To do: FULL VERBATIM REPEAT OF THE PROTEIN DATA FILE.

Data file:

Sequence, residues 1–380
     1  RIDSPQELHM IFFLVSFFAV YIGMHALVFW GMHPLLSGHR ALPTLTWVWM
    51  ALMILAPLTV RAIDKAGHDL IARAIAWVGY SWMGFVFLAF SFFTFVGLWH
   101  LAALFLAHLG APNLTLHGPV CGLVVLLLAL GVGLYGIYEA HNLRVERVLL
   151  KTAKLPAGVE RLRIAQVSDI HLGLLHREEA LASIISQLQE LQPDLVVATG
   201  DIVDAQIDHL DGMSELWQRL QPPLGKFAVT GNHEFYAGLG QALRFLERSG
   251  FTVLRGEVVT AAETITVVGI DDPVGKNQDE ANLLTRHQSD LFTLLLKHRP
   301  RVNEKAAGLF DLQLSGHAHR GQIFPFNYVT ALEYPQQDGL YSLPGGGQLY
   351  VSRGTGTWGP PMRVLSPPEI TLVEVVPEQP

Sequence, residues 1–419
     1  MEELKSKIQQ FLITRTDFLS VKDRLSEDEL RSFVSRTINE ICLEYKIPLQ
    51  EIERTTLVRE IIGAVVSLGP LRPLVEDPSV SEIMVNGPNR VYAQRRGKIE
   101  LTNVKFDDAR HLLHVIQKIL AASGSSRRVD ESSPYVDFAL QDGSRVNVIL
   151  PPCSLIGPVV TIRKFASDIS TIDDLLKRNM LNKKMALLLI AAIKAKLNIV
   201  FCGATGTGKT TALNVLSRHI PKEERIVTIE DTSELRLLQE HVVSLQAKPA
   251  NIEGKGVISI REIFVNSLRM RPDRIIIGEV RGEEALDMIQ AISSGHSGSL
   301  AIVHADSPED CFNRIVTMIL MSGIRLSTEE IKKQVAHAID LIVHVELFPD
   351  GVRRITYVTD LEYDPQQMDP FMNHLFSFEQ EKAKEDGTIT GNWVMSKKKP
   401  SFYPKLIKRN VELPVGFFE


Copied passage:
Sequence, residues 1–380
     1  RIDSPQELHM IFFLVSFFAV YIGMHALVFW GMHPLLSGHR ALPTLTWVWM
    51  ALMILAPLTV RAIDKAGHDL IARAIAWVGY SWMGFVFLAF SFFTFVGLWH
   101  LAALFLAHLG APNLTLHGPV CGLVVLLLAL GVGLYGIYEA HNLRVERVLL
   151  KTAKLPAGVE RLRIAQVSDI HLGLLHREEA LASIISQLQE LQPDLVVATG
   201  DIVDAQIDHL DGMSELWQRL QPPLGKFAVT GNHEFYAGLG QALRFLERSG
   251  FTVLRGEVVT AAETITVVGI DDPVGKNQDE ANLLTRHQSD LFTLLLKHRP
   301  RVNEKAAGLF DLQLSGHAHR GQIFPFNYVT ALEYPQQDGL YSLPGGGQLY
   351  VSRGTGTWGP PMRVLSPPEI TLVEVVPEQP

Sequence, residues 1–419
     1  MEELKSKIQQ FLITRTDFLS VKDRLSEDEL RSFVSRTINE ICLEYKIPLQ
    51  EIERTTLVRE IIGAVVSLGP LRPLVEDPSV SEIMVNGPNR VYAQRRGKIE
   101  LTNVKFDDAR HLLHVIQKIL AASGSSRRVD ESSPYVDFAL QDGSRVNVIL
   151  PPCSLIGPVV TIRKFASDIS TIDDLLKRNM LNKKMALLLI AAIKAKLNIV
   201  FCGATGTGKT TALNVLSRHI PKEERIVTIE DTSELRLLQE HVVSLQAKPA
   251  NIEGKGVISI REIFVNSLRM RPDRIIIGEV RGEEALDMIQ AISSGHSGSL
   301  AIVHADSPED CFNRIVTMIL MSGIRLSTEE IKKQVAHAID LIVHVELFPD
   351  GVRRITYVTD LEYDPQQMDP FMNHLFSFEQ EKAKEDGTIT GNWVMSKKKP
   401  SFYPKLIKRN VELPVGFFE